Saturday, March 27, 2021

Howard Grimes - the Bulldog's story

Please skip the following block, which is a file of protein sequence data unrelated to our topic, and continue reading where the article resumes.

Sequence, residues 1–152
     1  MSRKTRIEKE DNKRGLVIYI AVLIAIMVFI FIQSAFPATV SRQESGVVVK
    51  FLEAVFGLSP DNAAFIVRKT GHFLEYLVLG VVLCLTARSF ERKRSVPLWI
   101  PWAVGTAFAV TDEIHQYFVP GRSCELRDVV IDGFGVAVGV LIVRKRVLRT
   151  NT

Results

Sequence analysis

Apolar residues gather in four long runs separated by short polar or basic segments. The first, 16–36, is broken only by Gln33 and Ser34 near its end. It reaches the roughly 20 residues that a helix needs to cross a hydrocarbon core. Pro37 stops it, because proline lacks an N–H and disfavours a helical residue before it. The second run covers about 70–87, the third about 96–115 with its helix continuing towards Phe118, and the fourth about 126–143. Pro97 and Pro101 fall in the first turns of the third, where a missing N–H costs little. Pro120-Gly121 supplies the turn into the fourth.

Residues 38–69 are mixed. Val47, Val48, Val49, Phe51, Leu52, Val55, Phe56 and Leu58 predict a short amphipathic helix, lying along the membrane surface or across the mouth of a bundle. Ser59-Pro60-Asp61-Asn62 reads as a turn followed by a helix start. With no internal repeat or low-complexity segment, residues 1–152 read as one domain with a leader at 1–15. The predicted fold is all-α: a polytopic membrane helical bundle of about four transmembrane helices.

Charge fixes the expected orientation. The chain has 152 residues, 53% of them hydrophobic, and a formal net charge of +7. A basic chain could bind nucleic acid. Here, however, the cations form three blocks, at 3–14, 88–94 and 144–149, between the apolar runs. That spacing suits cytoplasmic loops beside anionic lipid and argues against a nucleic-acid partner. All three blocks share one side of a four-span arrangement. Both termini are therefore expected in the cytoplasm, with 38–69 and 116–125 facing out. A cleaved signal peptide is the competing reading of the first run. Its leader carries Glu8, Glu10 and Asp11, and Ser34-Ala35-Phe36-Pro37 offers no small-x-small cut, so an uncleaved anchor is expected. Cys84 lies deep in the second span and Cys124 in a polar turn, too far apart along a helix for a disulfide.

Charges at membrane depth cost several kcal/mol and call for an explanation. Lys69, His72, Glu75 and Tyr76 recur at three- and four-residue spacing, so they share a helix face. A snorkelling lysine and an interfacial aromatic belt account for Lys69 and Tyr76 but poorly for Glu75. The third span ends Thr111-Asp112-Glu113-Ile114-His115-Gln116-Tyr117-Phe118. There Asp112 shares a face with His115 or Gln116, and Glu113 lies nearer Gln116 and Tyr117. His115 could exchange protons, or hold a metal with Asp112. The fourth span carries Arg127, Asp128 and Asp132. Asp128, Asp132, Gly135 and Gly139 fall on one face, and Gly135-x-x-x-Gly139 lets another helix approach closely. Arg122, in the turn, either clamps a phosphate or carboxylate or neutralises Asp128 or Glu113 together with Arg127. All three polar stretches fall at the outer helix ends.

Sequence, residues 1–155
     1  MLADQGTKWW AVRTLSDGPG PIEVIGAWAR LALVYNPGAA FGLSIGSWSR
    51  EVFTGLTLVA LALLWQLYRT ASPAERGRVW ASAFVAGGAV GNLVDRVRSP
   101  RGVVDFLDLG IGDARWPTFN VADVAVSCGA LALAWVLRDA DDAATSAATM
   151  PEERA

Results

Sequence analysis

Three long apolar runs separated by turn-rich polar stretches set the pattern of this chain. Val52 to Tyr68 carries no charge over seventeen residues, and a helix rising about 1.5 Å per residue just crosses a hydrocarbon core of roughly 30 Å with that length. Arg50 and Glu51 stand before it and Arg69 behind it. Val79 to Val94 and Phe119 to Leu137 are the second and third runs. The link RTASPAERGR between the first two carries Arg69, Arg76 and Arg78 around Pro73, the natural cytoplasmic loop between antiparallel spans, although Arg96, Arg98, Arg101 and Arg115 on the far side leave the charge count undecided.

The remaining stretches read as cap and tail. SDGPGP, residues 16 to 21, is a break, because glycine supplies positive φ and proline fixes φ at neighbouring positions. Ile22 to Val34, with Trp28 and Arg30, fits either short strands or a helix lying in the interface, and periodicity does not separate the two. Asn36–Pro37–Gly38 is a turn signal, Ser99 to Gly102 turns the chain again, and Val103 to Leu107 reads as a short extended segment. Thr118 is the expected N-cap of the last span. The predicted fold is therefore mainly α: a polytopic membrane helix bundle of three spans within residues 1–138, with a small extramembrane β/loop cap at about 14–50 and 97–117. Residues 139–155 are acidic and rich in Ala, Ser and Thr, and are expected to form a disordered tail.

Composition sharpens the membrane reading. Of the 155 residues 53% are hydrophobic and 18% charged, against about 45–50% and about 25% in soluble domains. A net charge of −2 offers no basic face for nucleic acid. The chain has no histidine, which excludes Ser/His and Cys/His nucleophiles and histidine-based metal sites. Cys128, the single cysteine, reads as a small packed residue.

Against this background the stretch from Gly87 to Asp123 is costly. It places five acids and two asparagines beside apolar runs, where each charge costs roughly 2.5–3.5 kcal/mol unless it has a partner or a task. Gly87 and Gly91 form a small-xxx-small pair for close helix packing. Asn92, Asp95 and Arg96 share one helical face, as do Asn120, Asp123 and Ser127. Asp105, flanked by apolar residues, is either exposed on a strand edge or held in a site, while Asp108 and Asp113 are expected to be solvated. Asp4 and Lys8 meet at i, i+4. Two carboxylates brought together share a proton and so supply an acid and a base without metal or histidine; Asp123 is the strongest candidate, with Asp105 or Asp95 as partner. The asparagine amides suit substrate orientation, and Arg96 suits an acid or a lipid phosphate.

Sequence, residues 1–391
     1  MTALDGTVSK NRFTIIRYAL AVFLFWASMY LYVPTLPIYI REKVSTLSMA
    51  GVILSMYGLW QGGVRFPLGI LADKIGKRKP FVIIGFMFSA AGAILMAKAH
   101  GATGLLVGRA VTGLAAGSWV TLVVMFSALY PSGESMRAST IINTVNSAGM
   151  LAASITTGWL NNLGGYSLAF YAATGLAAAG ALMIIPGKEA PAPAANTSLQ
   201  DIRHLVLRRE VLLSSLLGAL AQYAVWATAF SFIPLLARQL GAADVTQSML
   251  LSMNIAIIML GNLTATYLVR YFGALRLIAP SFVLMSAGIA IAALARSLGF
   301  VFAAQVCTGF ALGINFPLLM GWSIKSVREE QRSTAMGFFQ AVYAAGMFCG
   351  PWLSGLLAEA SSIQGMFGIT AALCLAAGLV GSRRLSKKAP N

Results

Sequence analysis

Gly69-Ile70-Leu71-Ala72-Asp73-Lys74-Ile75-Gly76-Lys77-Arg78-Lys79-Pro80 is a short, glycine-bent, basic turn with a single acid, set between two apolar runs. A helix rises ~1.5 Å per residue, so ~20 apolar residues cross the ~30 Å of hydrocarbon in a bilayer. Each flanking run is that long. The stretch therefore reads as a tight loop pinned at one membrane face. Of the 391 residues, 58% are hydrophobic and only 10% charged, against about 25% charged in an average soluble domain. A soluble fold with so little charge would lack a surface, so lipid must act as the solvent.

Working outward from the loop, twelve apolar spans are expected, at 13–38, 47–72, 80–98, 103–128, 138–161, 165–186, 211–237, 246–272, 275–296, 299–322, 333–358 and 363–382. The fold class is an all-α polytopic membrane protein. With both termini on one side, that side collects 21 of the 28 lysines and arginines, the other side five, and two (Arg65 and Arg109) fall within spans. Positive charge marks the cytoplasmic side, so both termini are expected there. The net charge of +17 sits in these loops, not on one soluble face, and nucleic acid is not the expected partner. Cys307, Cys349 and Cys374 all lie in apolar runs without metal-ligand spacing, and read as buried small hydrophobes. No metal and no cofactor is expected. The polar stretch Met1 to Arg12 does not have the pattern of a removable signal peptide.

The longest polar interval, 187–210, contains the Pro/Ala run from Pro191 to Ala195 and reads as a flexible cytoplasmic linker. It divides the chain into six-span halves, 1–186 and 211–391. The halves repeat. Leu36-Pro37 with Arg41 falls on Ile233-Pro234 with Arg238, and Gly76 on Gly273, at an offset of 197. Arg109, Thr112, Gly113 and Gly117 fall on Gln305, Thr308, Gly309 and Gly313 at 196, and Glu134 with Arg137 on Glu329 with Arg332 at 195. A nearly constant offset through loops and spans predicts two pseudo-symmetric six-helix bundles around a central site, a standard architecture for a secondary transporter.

Howard Grimes is one of the greatest drummers of all time and his metronomic backing behind Memphis artists such as Al Green, Syl Johnson and O V Wright is instantly recognisable. He was nicknamed the Bulldog by Willie Mitchell, who said 'When a bulldog get mad, you hear him knockin’ over shit, he don’t want to be bothered. I can hear you comin’, Howard, I know when you’re comin’, you put that foot down and clamp on that beat.' His autobiography 'Timekeeper: My Life In Rhythm', written with Preston Lauterbach (whose earlier book 'The Chitlin Circuit' is essential reading for lovers of soul and R and B) is due out in July. Howard's drumming career goes back to the earliest days of Stax and he played on such classic tracks as 'Gee Whiz' by Carla Thomas and 'You Don't Miss Your Water' by William Bell, but it's his work with Willie Mitchell at Hi that really made its mark. He played on Willie's 'Soul Serenade' and on tracks such as 'A Nickel and Nail' and 'Ace of Spades' by OV Wright - a man who he describes as the 'the finest vocalist I ever worked with'. He was the man keeping the beat on Ann Peebles' 'I Can't Stand The Rain', Denise Lasalle's 'Trapped By A Thing Called Love', 'Get Your Lie Straight' by Bill Coday and 'We Did It' by Syl Johnson. But it was his work behind Al Green, for whom he shared the drum kit with his friend Al Jackson, that he is perhaps best known. 'Tired Of Being Alone', 'Take Me To The River' and 'Love and Happiness' all featured Howard's drum work. Howard presents a gritty account of his life in Memphis, with violence, drugs and women problems never far away. He is less than complimentary at times about Al Green and Hi Records guitarist Teenie Hodges and even Willie Mitchell. He recalls how Johnny Baylor, who managed Luther Ingram and who screwed Isaac Hayes over after he had brought him into Stax, took a shine to him when he visited Hi and gave him his card, saying 'I Kill For A Living'. Memphis was a violent town. Howard's brother was murdered as was Al Jackson. And then Willie sold Hi Records and Howard was out of a job. His marriage had broken down and he became homeless. Howard says that despite problems between them Al Green did what he could to help and he says OV Wright never turned against him. He played with OV in Japan, but OV's drug and alcohol problems worsened and he died two years later. By the end Willie had to carry him into the studio to do his sessions, he recalls. Racism was another problem and he recalls a tour he made with Paul Revere and the Raiders when singer Mark Lindsay refused to perform because of racism towards Howard. Howard eventually found happiness with a new wife and his belief in God. The Hi Rhythm Section got back together in a tribute to O V Wright in 2009 with Otis Clay and the Masqueraders singing his songs. They played at the Ponderosa Stomp in New Orleans and he was invited by keyboard player Archie Turner, known as Hubbie, to play at Wild Bill's juke joint in Memphis. Hubbie introduced him to Scott Bomar who had formed the Bo-Keys with former Stax and Hi musicians. Howard says: 'I’m not angry with Stax. I’m not angry with Hi. But Scott Bomar at Electraphonic is the only person who’s ever paid me right.' His final words: 'When Elvis lifted Memphis music, we already had so much to work with. Nightclubs were full of talent. The schools developed talent. The fans wanted to come out and hear the best. That already existed before the big business side of things happened. Elvis’s hit records inspired studios to open up. Those studios found their own sounds, and made their own artists. The money and success that followed ended up being bad for the music. Greed, corruption, and violence killed us. It killed Al Jackson Jr. It killed Stax. It killed Hi Records. If we could have stayed on peace and togetherness, we’d still be on top.' The photo below shows Howard during one of the interview sessions at the Ponderosa Stomp in 2015 when he played with other members of the Hi Rhythm Section.


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